December 3 marked the beginning of 11 days of discussions at this year’s UN Climate Change Conference in Bali, Indonesia. The purpose of this event is to launch negotiations on a new international climate change agreement, with delegates expected to agree on key areas a future agreement should address, such as mitigation (including avoided deforestation), adaptation, technology and financing. It is hoped that negotiations for the post-Kyoto agreement will be completed in 2009.
Greenhouse gases emitted by 40 of the world’s industrialized countries rose to a near-record high in 2005, continuing the upward trend of the previous year, as reported to the secretariat of the United Nations Framework Convention on Climate Change (UNFCCC).
The overall increase in emissions between 2004 and 2005 is attributed to continued economic growth in highly industrialized countries, together with revived growth in former East block nations. In terms of industry sectors, transport-related emissions showed the highest rate of growth.
Thirty-eight of the 41 Parties included in Annex I to the Convention (Annex I Parties) submitted their national greenhouse gas (GHG) inventories in 2007, in accordance with the UNFCCC reporting guidelines on annual inventories; 36 of these nations provided a national inventory report. The reporting procedure also requires submission of data from the base year up to two years before the year of submission. For the 2007 submission, this would include data from 1990 up to 2005. This year (2007) marks the first time all reporting Parties used the common reporting format (CRF) software for the submission of their inventories, as well as the first year for which all reporting Parties submitted data for the land use, land use change and forestry (LULUCF) sector.
The UNFCCC secretariat reports that total GHG emissions from all Annex I countries, excluding emissions/removals from LULUCF decreased by 2.8 per cent between 1990 and 2005, from 18,709 to 18,181 teragrams (Tg) CO2 equivalent (CO2e). An even greater decrease, of 4.6 per cent, was reported for GHG emissions including LULUCF, declining from 17,551 to 16,739 Tg CO2e. Since 2000, GHG emissions from Annex I Parties have increased by 2.6 per cent (excluding LULUCF) and by 1.4 per cent (including LULUCF).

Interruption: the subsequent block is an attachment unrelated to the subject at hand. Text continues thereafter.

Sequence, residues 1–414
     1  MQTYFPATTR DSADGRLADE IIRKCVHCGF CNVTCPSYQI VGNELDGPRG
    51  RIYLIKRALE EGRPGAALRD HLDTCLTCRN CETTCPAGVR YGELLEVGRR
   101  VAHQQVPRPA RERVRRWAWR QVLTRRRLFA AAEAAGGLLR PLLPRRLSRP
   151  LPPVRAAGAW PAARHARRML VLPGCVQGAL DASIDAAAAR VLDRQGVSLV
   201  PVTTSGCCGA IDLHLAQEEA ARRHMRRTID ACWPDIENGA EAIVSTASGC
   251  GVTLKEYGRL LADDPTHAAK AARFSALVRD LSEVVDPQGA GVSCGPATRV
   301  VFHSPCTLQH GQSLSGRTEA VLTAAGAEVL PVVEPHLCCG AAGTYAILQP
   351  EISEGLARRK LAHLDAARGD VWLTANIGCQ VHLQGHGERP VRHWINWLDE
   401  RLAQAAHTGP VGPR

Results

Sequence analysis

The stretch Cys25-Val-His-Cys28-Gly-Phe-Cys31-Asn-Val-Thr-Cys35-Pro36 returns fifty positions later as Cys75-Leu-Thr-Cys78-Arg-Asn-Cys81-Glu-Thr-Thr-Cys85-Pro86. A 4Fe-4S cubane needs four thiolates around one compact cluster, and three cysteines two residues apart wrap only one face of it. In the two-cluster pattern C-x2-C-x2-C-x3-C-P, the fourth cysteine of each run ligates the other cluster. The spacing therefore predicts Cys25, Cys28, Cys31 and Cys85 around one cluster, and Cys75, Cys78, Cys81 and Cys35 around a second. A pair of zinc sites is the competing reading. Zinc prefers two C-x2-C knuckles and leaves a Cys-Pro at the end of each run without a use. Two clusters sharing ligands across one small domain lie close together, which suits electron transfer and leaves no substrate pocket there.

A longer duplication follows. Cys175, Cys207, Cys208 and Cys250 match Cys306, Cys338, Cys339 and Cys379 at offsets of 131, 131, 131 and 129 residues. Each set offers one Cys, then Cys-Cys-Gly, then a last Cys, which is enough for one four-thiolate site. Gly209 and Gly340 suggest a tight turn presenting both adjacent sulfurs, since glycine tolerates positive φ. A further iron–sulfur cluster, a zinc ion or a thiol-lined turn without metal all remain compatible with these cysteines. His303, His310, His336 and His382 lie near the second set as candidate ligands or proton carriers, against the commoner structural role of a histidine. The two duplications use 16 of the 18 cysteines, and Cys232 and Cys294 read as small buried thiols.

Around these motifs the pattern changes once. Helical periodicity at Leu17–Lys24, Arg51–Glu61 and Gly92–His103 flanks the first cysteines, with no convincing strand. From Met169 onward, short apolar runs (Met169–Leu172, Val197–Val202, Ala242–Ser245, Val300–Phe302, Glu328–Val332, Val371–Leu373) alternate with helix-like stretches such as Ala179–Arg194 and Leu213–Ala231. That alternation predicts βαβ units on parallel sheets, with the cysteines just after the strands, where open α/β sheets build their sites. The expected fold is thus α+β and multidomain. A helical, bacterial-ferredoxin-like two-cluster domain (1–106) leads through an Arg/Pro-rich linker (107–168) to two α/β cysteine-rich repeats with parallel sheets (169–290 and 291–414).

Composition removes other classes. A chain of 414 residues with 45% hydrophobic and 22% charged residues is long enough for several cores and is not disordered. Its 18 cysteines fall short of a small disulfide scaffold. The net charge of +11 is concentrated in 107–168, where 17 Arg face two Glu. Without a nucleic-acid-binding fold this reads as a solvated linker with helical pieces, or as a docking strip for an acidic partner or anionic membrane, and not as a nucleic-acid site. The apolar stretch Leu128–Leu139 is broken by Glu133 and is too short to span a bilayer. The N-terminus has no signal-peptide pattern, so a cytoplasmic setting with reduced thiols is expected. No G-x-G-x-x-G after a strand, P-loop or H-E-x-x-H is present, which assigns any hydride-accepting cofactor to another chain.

Listings of GHG emissions by country show that Canada’s emissions (excluding emissions/removals from LULUCF) increased by 25 per cent between 1990 and 2005, from 596 Tg to 747 Tg CO2e, a figure almost unchanged from that of 2004. Emissions including LULUCF rose by 54 per cent between 1990 and 2005, from 473 Tg to nearly 730 Tg CO2e, although there was a decline from the 2004 level of 828 Tg CO2e.
For both 1990 and 2005, CO2 made up the highest proportion of total GHG emissions (80.4 per cent in 1990 and 83.2 per cent in 2005) and increased by 0.6 per cent during this period, while methane (CH4) and nitrous oxide (N2O) emissions decreased by 18.5 and 20.8 per cent, respectively. Emissions of HFCs, PFCs and SF6 taken together increased by 19.4 per cent.
For all Annex I Parties taken together, emissions from all sectors decreased between 1990 and 2005, except energy, whose GHG emissions increased by 0.5 per cent. Decreases in emissions from the industrial processes, agriculture and waste sectors were 12.8, 20.7 and 8.5 per cent, respectively. Net GHG removals by LULUCF increased by 24.6 per cent.
The inventory report may be viewed on the UNFCCC website, www.unfccc.in